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Can your smartphone’s mic and photos detect heart diseases and diabetes? Google is working on it

Google's health AI team is exploring whether our phone's microphones and photos can pick up early signs of heart diseases or diabetes
Google's health AI team is exploring whether our phone's microphones and photos can pick up early signs of heart diseases or diabetes Copyright Canva
Copyright Canva
By Natalie Huet with Reuters
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Google's health AI team is exploring whether your phone's mics and photos can pick up signs of heart diseases and diabetes.


Our mobile phones have already become our cameras, our television screens, our diaries. What if they also became stethoscopes and disease-screening tools that help us identify health problems at home?

Well, Google is working on it.

The Alphabet-owned company plans to test whether the heart sounds and photos of our eyes captured by smartphones can help users spot signs of illnesses before they even see a doctor.

Google is specifically investigating whether a smartphone's built-in microphone can detect heartbeats and murmurs when placed over the chest, Greg Corrado, the company's head of health artificial intelligence (AI), said on Thursday.

Readings could help early detection of heart valve disorders, he said.

"It's not at the level of diagnosis but it is at the level of knowing whether there is an elevated risk," he told reporters, adding that questions remained about accuracy.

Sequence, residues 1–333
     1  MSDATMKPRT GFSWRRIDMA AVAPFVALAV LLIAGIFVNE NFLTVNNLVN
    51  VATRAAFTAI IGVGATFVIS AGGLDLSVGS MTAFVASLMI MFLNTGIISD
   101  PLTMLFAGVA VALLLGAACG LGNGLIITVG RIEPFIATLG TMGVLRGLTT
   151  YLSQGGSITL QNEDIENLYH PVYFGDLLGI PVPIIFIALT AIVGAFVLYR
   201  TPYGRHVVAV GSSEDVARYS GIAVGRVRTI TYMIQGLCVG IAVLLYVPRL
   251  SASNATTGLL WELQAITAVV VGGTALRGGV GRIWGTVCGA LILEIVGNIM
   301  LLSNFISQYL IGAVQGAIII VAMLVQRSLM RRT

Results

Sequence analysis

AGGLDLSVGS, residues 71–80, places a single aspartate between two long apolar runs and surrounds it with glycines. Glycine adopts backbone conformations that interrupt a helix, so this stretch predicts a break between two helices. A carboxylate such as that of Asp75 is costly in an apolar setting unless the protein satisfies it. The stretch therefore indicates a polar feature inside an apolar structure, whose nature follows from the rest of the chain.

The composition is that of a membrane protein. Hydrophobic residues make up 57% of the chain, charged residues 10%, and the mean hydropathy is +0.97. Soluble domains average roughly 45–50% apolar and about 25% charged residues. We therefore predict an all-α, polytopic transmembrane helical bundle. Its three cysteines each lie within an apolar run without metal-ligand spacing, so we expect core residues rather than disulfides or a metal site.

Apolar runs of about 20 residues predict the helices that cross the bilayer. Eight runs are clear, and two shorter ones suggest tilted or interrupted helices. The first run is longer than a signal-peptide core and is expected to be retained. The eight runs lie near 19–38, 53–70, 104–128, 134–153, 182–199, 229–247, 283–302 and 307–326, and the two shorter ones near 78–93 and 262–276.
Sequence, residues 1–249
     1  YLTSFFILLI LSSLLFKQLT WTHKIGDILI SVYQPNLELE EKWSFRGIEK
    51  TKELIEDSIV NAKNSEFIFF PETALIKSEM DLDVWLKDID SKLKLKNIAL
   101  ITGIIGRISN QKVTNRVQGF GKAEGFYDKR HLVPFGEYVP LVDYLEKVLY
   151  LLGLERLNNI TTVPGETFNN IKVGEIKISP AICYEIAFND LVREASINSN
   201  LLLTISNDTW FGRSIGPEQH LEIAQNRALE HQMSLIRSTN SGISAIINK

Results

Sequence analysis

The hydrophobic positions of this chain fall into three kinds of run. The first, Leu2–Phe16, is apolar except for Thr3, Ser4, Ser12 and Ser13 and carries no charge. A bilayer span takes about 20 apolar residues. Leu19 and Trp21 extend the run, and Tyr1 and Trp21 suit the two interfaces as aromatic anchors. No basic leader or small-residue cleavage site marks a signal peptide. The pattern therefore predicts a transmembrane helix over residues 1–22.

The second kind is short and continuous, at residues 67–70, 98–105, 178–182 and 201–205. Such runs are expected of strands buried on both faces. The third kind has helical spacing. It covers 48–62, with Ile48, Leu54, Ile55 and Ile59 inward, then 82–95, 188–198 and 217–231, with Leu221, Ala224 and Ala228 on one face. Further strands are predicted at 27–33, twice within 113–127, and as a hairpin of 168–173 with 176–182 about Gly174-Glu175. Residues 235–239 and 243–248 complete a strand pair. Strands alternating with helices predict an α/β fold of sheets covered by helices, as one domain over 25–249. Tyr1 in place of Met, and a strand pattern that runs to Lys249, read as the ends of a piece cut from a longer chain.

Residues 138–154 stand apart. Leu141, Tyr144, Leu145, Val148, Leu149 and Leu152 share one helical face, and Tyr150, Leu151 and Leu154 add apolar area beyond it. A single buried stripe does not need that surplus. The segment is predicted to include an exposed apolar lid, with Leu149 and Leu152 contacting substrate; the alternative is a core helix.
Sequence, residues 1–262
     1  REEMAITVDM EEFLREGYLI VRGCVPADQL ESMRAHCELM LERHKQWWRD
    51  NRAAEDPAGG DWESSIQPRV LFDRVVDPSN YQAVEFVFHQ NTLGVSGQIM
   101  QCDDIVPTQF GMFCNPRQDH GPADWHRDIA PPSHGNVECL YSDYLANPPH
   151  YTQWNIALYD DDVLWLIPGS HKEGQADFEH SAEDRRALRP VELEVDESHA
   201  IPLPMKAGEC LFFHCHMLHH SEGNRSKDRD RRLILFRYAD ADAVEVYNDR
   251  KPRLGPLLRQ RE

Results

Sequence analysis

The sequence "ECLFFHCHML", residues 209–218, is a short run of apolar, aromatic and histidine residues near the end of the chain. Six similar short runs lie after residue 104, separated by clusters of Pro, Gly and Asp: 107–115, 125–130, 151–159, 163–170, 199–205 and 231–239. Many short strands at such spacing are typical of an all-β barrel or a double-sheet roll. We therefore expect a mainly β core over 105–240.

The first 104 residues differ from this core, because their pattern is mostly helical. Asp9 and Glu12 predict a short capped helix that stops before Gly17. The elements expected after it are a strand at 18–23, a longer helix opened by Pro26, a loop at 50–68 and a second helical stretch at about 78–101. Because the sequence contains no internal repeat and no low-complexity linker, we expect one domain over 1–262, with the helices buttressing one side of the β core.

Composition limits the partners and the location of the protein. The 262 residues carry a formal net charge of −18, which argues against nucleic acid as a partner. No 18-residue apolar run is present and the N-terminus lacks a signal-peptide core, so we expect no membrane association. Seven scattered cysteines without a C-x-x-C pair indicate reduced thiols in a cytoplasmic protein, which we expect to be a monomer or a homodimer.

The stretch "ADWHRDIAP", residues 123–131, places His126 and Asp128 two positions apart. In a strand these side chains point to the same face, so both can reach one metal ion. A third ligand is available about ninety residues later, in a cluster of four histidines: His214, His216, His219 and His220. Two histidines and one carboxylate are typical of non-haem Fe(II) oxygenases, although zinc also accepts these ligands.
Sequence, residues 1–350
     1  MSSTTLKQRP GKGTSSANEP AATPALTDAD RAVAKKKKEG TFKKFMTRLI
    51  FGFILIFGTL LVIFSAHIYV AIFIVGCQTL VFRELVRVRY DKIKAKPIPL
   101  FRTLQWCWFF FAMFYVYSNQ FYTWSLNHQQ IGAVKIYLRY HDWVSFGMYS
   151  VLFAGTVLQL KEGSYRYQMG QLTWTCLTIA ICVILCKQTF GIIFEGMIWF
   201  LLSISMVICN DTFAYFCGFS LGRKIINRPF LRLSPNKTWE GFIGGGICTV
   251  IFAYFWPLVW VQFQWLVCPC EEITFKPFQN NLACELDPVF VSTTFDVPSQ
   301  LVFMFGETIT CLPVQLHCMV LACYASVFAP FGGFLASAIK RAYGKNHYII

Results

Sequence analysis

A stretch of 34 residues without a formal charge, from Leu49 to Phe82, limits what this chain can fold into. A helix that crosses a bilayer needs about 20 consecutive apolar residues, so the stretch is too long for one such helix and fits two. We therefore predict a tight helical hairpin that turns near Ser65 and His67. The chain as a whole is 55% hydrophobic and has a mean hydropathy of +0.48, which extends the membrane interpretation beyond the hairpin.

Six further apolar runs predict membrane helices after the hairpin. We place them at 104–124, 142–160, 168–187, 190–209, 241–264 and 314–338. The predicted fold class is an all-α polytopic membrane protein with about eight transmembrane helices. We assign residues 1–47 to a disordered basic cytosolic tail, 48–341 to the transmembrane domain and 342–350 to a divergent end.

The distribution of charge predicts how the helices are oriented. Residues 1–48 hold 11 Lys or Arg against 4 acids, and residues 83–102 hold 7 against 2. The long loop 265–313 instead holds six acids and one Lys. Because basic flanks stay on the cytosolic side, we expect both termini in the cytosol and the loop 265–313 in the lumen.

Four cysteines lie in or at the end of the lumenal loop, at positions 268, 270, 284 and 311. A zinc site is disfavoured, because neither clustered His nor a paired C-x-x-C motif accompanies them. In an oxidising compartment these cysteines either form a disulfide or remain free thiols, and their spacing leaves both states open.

Eye screening for diabetes

The eye research is focused on using photos to detect diseases such as those related to diabetes, which can damage blood vessels in the retina and is a major cause of blindness in adults.

Google's health unit is already using AI to help healthcare workers detect diabetic retinopathy in India and Thailand, with nearly 100,000 patients screened so far.

The tech giant said it had already reported "early promising results" using tabletop cameras in clinics, and that it would now examine whether smartphone photos might work, too.

"While this is in the early stages of research and development, our engineers and scientists envision a future where people, with the help of their doctors, can better understand and make decisions about health conditions from their own homes," Corrado wrote in a blog post.

The projects follow announcements made last year about measuring heart and breathing rates using smartphone cameras - features now available on many devices through the Google Fit app.

Google has also introduced Derm Assist, a mobile app that uses AI to analyse users’ photos of a skin, hair or nail concern alongside their answers to a few questions to provide them with a list of possible conditions. 

AI for ultrasound scans

Google also plans to test whether its AI software can analyse ultrasound scans taken by less-skilled technicians, as long as they follow a set pattern.

The technology could address shortages in higher-skilled workers, particularly in low-to-middle-income countries, and allow birthing parents to be evaluated at home.

While Google has long sought to bring its technical expertise to health care, it has said little about whether the efforts are generating significant revenue or usage.

Corrado said launching such projects was "a major step" but adoption would take time.

"When you think about breathing and heart rate, whatever level of adoption we see today only scratches the surface," he told reporters.

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